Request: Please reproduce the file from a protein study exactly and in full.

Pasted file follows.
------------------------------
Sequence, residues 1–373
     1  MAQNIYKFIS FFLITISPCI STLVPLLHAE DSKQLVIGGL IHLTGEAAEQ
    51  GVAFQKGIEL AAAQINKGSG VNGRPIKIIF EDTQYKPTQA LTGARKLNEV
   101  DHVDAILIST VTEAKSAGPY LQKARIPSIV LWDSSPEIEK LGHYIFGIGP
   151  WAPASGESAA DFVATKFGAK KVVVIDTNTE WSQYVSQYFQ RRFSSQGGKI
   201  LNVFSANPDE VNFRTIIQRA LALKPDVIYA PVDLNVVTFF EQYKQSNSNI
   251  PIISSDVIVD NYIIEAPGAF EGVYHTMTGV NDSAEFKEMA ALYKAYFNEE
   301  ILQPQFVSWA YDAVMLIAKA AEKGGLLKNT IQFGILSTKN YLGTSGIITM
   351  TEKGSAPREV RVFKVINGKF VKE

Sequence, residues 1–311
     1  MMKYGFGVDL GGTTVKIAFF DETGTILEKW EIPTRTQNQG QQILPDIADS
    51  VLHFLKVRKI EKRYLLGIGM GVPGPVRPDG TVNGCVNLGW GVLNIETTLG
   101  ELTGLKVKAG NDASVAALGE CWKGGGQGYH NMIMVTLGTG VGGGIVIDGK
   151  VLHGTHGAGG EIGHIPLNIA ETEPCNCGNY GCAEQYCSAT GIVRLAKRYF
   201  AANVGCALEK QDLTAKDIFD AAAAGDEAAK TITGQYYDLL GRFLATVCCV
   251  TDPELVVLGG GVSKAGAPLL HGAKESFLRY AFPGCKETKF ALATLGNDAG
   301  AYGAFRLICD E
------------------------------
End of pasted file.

Sequence, residues 1–373
     1  MAQNIYKFIS FFLITISPCI STLVPLLHAE DSKQLVIGGL IHLTGEAAEQ
    51  GVAFQKGIEL AAAQINKGSG VNGRPIKIIF EDTQYKPTQA LTGARKLNEV
   101  DHVDAILIST VTEAKSAGPY LQKARIPSIV LWDSSPEIEK LGHYIFGIGP
   151  WAPASGESAA DFVATKFGAK KVVVIDTNTE WSQYVSQYFQ RRFSSQGGKI
   201  LNVFSANPDE VNFRTIIQRA LALKPDVIYA PVDLNVVTFF EQYKQSNSNI
   251  PIISSDVIVD NYIIEAPGAF EGVYHTMTGV NDSAEFKEMA ALYKAYFNEE
   301  ILQPQFVSWA YDAVMLIAKA AEKGGLLKNT IQFGILSTKN YLGTSGIITM
   351  TEKGSAPREV RVFKVINGKF VKE

Sequence, residues 1–311
     1  MMKYGFGVDL GGTTVKIAFF DETGTILEKW EIPTRTQNQG QQILPDIADS
    51  VLHFLKVRKI EKRYLLGIGM GVPGPVRPDG TVNGCVNLGW GVLNIETTLG
   101  ELTGLKVKAG NDASVAALGE CWKGGGQGYH NMIMVTLGTG VGGGIVIDGK
   151  VLHGTHGAGG EIGHIPLNIA ETEPCNCGNY GCAEQYCSAT GIVRLAKRYF
   201  AANVGCALEK QDLTAKDIFD AAAAGDEAAK TITGQYYDLL GRFLATVCCV
   251  TDPELVVLGG GVSKAGAPLL HGAKESFLRY AFPGCKETKF ALATLGNDAG
   301  AYGAFRLICD E